Striking Thirteen: The World of Surveillance and Indifference

Since today, June 6, is George Orwell’s birthday, let’s begin with him. “It was a bright cold day in April, and the clocks were striking thirteen,” reads the opening line of Orwell’s Nineteen Eighty-Four. Looking around this morning, I find that the clocks are, indeed, “striking thirteen.”

So let me set things straight for President Obama and the NSA, this way no one has to come looking for me — or if you want to, I’m transparent: I frequently receive phone calls from Kabul, Afghanistan, sometimes even from other provinces; other times I receive communiqués from Pakistan, India, Sri Lanka and Hong Kong; I receive regular communiqués from Argentina and Great Britain, the odd couple, Spain and France, too. Sometimes Germany, though I’m sure you’re fine with that, unless it’s a white supremacist group. Welcome to the reality of global citizenry in the 21st Century. We’re all interconnected so we’re all under surveillance at all times — through Facebook, Twitter, etc. We’re all very willing to tell the world where we are at any given moment.

I am open about all of my communications because it makes little — or no — difference to the Obama Administration since it is pursuing with great force the Bush era Patriot Act section allowing for secret surveillance of US citizen’s phone records (number only for now). I am also a Verizon Wireless client, which is named in the New York Times (yes, I also have an iPhone — just keeping with the transparency). Screwed every which way, I guess.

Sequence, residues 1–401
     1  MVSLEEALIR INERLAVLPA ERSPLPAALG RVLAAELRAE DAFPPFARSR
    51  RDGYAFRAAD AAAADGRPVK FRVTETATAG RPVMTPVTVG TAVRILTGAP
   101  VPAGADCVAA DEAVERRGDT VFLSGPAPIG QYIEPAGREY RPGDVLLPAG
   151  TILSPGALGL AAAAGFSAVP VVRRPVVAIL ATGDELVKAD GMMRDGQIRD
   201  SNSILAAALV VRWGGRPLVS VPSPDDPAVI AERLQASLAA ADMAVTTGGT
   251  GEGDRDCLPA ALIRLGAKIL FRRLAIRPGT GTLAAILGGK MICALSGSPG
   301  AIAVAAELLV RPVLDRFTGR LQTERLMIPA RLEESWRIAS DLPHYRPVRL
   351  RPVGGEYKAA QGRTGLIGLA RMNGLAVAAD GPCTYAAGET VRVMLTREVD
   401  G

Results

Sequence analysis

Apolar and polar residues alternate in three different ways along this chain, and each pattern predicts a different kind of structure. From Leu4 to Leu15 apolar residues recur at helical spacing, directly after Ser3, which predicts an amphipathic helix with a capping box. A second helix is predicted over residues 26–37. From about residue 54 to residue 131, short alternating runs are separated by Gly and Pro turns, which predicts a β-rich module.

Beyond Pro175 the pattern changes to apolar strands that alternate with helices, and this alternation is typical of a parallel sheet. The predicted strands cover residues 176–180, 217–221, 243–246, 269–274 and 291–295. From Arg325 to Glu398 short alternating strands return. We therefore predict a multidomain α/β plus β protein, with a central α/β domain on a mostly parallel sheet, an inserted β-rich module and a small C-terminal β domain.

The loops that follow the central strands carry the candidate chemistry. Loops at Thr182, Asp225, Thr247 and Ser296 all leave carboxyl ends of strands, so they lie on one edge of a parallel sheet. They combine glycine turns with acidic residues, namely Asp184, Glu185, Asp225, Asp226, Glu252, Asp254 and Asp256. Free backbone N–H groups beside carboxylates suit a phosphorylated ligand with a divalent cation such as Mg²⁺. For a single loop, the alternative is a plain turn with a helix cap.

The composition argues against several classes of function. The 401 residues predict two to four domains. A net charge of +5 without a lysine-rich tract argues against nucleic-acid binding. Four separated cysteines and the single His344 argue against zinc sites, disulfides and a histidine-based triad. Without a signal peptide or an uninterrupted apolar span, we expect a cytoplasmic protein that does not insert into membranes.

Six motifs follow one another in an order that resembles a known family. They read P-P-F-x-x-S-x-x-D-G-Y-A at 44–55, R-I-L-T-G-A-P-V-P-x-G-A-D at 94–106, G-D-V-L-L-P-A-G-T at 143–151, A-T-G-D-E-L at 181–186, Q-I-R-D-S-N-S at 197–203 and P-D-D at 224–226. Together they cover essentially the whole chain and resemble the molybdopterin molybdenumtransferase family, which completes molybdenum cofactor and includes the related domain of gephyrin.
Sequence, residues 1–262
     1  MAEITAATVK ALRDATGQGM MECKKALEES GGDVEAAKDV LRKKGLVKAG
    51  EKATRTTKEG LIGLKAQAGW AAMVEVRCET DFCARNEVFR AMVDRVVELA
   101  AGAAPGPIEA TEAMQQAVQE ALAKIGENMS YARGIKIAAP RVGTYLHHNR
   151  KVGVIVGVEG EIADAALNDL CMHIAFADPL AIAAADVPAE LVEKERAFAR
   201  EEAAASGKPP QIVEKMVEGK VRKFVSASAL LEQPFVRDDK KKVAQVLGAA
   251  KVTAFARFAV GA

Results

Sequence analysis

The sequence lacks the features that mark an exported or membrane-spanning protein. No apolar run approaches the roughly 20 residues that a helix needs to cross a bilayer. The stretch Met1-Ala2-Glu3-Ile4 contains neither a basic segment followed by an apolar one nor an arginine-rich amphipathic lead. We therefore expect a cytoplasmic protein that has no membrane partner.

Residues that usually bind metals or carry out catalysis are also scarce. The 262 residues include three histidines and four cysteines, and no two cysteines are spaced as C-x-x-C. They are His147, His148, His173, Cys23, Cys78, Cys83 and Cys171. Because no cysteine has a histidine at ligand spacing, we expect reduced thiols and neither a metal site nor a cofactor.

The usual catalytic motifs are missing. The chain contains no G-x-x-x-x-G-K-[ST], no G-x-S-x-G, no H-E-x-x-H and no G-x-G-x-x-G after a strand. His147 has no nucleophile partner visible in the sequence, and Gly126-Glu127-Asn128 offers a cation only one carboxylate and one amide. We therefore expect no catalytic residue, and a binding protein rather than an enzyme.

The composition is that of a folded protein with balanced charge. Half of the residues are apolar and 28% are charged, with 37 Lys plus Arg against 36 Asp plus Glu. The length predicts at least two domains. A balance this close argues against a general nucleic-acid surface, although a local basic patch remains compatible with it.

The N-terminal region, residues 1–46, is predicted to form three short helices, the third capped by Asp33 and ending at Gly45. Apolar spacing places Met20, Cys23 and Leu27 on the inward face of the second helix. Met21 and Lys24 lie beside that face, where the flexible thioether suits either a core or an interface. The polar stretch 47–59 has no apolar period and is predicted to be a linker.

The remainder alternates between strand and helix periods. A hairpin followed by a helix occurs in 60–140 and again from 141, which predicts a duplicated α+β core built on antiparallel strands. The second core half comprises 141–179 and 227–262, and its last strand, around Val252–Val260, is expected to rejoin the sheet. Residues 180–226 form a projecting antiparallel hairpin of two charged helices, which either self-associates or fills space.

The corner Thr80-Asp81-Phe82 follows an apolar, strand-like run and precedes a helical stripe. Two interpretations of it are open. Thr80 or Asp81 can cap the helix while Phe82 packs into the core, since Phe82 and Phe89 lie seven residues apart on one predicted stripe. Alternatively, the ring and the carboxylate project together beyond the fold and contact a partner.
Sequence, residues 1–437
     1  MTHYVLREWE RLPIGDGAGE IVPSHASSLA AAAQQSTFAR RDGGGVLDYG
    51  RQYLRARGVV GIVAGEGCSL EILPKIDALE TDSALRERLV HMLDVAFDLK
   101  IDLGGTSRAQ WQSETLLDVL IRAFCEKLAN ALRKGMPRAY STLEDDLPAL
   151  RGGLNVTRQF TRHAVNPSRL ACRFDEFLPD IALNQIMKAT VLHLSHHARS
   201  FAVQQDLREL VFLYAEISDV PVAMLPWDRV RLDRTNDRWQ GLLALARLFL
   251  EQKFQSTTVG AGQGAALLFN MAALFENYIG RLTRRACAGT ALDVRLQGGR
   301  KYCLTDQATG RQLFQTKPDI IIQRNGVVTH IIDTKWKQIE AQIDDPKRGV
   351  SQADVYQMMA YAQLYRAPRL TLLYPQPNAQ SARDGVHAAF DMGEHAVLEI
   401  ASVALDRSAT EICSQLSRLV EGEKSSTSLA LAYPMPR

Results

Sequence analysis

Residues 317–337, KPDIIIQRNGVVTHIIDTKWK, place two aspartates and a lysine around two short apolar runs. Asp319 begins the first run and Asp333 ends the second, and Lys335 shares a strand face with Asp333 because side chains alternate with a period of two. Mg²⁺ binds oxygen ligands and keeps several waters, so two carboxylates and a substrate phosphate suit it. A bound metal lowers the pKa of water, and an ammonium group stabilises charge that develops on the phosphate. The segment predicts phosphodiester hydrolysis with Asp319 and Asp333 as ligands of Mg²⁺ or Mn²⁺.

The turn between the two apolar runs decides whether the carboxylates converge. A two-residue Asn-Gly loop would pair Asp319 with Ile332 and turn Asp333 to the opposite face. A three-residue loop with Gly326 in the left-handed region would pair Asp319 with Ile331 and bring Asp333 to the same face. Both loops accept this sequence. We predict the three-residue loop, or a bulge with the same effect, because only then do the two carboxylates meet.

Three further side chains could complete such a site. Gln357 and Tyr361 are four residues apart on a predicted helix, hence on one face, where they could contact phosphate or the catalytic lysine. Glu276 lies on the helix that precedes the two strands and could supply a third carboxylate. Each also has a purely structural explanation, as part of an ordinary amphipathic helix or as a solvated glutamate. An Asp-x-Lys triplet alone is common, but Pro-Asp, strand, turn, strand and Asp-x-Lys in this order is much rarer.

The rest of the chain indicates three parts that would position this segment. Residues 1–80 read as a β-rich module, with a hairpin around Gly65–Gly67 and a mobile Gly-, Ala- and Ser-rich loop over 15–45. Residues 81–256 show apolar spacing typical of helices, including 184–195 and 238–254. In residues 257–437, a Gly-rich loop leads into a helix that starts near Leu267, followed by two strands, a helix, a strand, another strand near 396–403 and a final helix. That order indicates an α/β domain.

And just to be clear, my conversations with Middlebury College alumni, which is mostly who I speak to, unless it’s family in Argentina, usually cover the following subjects:

  • The rejection of the Bush – Cheney lies that got us into Iraq, forgoing Afghanistan, until it was time to enter there.
  • The complete understanding that the government in Kabul is totally corrupt and millions U.S. dollars have been siphoned off and the Afghan people continue to suffer — and will suffer for yet another one or two generations. But we don’t really mind that.
  • The disgust over drones that in Obama’s hands makes Bush-Cheney war-mongoring seem like Sesame Street.
  • The militarization of key spots in the world to protect multinational oil business that, in turn, is channeling money to buy senators and congressmen, thus continuing our climate / environmental debacle and our dependency on fossil fuels.
  • The continued global policy, by the most powerful nations, to disenfranchise the poor – those without voice – on whose backs our way of living is built on, though, by all logical uses of statistical models we see that it’s in decline but we don’t want to look inward. So it goes.